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The Hon. Dame Miriam Rothschild FRS

The Hon. Dame Miriam Rothschild FRS

Miriam Rothschild, entomologist, parasitologist, nature conservationist and chemical ecologist was also active in a broad range of civic, social and political causes. During World War II, she joined a group of distinguished scientists working at Bletchley Park on the Enigma decryption project working as a code breaker. She received a Defence Medal from the British government for her work. She aided refugee Jewish scientists during and after the war and she also worked with several organisations dedicated to helping Jewish children escape from Germany and Austria, often housing some of these refugees in her own home at Ashton Wold which was used by the Red Cross as a convalescent hospital for military personnel.

Rothschild was moved by her sister Liberty’s illness to found the Schizophrenia Research Fund in 1962. This Fund is dedicated to promoting the understanding, treatment, and cure of schizophrenia. She also helped marshal scientific evidence on homosexuality for the Wolfenden Committee (the Committee on Homosexual Offences and Prostitution) whose resulting Report (1963) led to the decriminalisation of homosexuality in England and Wales.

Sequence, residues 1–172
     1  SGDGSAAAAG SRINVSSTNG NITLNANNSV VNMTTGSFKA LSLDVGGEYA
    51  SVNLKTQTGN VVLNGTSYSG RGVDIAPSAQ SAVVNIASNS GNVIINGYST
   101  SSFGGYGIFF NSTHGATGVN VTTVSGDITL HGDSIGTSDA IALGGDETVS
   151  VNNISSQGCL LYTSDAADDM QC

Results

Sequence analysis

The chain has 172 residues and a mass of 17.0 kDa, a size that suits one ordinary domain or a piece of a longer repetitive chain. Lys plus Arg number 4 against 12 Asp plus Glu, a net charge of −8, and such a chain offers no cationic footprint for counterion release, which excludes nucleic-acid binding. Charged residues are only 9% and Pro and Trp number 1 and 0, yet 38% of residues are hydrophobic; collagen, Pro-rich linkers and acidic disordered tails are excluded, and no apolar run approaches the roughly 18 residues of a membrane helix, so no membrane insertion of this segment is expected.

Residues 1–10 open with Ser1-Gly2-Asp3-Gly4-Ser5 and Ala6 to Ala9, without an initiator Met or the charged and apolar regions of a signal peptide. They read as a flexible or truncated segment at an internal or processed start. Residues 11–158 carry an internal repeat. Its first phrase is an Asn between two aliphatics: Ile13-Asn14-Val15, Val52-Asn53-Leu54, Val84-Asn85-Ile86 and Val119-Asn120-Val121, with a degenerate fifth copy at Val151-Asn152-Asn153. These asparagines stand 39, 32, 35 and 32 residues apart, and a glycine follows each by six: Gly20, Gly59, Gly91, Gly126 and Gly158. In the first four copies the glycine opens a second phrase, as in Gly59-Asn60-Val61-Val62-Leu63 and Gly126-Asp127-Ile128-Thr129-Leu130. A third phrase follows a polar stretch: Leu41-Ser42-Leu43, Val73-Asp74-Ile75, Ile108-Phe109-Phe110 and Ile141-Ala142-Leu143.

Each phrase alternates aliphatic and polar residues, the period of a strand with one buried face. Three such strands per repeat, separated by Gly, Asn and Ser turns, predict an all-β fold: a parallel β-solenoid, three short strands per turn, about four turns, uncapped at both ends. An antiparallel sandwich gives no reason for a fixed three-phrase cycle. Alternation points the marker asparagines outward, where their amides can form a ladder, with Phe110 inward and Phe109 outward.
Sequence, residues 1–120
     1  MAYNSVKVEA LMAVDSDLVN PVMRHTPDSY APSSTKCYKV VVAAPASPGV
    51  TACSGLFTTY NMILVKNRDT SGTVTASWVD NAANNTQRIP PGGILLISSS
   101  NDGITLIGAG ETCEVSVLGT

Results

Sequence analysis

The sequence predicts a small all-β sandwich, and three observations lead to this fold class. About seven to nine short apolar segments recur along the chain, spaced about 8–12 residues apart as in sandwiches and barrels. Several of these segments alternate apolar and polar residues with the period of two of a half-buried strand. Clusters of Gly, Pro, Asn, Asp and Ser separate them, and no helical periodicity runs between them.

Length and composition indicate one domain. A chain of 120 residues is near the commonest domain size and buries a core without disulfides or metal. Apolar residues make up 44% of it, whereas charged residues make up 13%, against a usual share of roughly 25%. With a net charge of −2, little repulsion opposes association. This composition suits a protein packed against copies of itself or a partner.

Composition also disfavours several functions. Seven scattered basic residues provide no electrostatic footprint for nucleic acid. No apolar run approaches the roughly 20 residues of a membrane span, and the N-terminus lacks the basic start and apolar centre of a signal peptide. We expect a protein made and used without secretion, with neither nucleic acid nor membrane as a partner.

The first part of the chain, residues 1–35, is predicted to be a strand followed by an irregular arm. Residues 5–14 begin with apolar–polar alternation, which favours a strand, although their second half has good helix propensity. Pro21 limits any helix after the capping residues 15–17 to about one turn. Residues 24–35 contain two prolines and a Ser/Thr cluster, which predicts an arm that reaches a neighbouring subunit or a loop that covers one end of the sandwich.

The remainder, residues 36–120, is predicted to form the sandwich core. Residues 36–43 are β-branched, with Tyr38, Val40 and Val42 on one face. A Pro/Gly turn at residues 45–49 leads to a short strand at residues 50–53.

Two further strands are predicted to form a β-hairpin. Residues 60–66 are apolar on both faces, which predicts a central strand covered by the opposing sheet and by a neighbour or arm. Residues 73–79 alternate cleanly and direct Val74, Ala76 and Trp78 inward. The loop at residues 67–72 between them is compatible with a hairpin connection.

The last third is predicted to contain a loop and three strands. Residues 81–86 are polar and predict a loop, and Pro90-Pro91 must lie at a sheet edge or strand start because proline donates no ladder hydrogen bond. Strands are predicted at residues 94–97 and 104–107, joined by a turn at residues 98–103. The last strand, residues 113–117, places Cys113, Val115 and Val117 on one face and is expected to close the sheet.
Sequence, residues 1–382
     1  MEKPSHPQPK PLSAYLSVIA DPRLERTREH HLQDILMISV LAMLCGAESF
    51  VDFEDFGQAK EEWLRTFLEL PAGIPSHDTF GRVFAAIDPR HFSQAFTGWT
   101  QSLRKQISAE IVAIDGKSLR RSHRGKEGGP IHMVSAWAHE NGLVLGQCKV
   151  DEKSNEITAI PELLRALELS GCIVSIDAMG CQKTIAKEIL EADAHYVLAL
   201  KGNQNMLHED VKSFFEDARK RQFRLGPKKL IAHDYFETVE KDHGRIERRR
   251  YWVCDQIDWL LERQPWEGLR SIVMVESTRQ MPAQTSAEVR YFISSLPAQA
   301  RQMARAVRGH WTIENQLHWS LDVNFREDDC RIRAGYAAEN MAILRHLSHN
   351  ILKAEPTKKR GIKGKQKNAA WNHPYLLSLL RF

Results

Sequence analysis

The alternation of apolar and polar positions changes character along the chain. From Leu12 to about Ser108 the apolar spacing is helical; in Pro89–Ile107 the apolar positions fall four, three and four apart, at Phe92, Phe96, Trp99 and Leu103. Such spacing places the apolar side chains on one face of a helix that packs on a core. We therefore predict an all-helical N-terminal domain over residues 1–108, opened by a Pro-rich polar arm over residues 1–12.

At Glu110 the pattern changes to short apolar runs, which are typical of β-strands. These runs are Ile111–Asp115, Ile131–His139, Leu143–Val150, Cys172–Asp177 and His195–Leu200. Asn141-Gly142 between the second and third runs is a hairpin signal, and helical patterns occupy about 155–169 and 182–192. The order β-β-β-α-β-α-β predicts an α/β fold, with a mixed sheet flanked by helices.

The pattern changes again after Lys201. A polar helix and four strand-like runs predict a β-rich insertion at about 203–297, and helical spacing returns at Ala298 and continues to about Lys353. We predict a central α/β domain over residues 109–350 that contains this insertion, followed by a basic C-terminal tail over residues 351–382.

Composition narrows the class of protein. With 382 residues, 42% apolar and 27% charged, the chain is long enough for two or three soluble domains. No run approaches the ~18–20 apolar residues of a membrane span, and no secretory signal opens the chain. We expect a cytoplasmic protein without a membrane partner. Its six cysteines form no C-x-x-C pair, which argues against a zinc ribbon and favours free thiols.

She was the first woman to serve on the National Trust’s Committee for Conservation and the first woman to become a Trustee of the Natural History Museum (1967 – 1975). She also became the President of the Society for the Study of Insects, Vice-President of Fauna and Flora International and served on committees for the Royal Entomological Society, the Zoological Society of London and the Marine Biological Association.

She participated in committee work for her father's Society for the Promotion of Nature Reserves, and in the vice presidency of its successor organisations, the Royal Society for Nature Conservation (1981) and at the Royal Society for Wildlife Trusts (2004). She also edited the Tring Museum Journal, Novitates Zoologicae (1938 – 1941).

Her first book, co-written with Theresa Clay, Fleas, Flukes, and Cuckoos, was published in 1952. She co-authored six volumes cataloguing her father’s collection of fleas – the largest such collection in existence. She wrote and co-authored a further six books and published 369 scientific papers.

Including those from Oxford and Cambridge she was awarded eight honorary degrees and numerous fellowships for her scientific research as well as serving as visiting Professor of Biology at the Royal Free Hospital, where she taught first year medical students, from 1968 to 1973. In 1985 she was elected a Fellow of the Royal Society.

In 1982, she was awarded a CBE for her services to systematics and, in 2000, a DBE for services to nature conservation and biochemical research.

She died in January 2005, aged 96.



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